Haji Russia Character Analysis

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As one of Russia 's famous authors, Leo Tolstoy used his skills as a writer to illustrate various historical accounts of certain important events of Russian history as well as his criticisms of government and corruption through his novels. Although mostly fictitious, Tolstoy 's novels/novellas would be used as understand the emotions and thoughts of people from every class, religion, and background in Russia to a particular event in Russia history such as the Napoleonic Wars or the War with Turkey. Haji Murat is based upon a real life account of the person in which the title is named after. Haji Murat was considered a villain among the Russian people due to his relations with Imam Shamil, the Muslim leader of Northern Caucus tribes and enemy …show more content…
An important observation made in this short novella is the interaction between the Russians represented by Tsar I and his officials, the Cossacks represented by Haji Murad and his murids and finally the Muslims represented by Imam Shamil. The Cossacks were considered to be "semi-independent Tartar groups, which formed in the Dnieper region," (Britannica). Historically, relationship between the Cossacks and the Russians are characterized as a tumultuous at times but most of the time they were considered allies. However, in the text, one can observe the true nature of the Russians towards the Cossacks and the Cossacks towards the Russians. The Russians always mistrusted the Cossacks even when the Cossacks proved to be the most loyal people. In desperation to save his family, Haji Murat finally surrenders to the Russians, in which he felt their alliance would help him defeat Shamil. " He pictured to himself how with the army Vorontsov would place at his disposal- he would march against Shamil and take him prisoner and revenge himself on him," (Tolstoy pg. 25). Haji gives his word that he would help the Russians fight against Shamil and be loyal to the Tsar, but Vorontsov …show more content…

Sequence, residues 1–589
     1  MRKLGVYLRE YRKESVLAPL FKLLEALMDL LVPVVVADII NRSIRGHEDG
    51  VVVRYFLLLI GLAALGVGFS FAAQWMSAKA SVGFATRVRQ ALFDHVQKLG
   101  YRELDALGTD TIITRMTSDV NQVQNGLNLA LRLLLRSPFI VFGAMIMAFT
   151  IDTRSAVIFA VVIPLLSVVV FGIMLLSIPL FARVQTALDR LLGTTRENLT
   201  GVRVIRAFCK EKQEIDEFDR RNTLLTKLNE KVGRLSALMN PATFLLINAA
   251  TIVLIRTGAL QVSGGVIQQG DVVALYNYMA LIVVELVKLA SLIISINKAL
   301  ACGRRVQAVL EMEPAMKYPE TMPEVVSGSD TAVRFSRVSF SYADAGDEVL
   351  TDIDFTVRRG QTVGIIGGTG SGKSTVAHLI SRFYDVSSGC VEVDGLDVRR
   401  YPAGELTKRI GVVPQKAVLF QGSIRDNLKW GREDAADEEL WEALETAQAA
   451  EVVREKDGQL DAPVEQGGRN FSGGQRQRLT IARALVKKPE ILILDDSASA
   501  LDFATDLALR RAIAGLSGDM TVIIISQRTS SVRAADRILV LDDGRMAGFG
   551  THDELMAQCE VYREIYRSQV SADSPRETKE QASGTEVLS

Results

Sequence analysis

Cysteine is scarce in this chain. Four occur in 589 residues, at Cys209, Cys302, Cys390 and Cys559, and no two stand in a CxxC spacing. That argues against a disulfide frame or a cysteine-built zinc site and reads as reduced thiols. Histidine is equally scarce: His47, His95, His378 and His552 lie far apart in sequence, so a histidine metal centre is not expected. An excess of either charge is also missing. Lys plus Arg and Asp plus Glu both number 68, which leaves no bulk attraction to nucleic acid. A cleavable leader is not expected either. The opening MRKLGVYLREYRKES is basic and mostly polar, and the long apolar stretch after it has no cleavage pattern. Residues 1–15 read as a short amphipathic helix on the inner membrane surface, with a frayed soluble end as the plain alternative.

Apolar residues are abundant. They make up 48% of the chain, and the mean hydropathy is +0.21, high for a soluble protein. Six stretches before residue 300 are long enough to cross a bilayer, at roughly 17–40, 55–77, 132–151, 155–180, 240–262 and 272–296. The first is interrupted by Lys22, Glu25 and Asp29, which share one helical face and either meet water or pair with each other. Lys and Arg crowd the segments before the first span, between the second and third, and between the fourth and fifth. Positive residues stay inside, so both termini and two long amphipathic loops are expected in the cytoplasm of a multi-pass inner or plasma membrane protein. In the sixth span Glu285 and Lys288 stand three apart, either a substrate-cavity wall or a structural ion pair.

The Muslims, particularly Shamil, hated the Russians and wanted to wipe out as many Russians as he possibly could. When the council of Shamil finds out that the Russians are encouraging him to surrender to them, they warn him to not listen to the Russians. " It is better to die in enmity with the Russians than to live with the Unbelievers," (Tolstoy pg. 101) This shows the hatred for the Russians in part of the Muslims The Muslims are extreme in their hatred towards the Russians in which they decide to use the sword to wipe down their enemy. Another example of the Muslims and Russian interaction is when the Russian soldiers destroyed an aoul and the mosque after being given an order by Tsar Nicholas I. "They were ordered to burn the corn and the hay as well as the saklyas, and the whole aoul was soon filled with pungent smoke amid which the soldiers rushed about…. Above all catching and shooting the fowls the mountaineers had not been able to take them away," (Tolstoy pg. 89). The soldiers also tried to kill the Cossacks and chased them until the Cossacks were able to escape. The way the Russians destroyed the homes of the Muslims and burned everything the Muslims worked hard to build and grow helps the reader to understand the animosity the Muslims feel against the Russians. " It was not hatred for they did not regard those Russian dogs as human beings, but it

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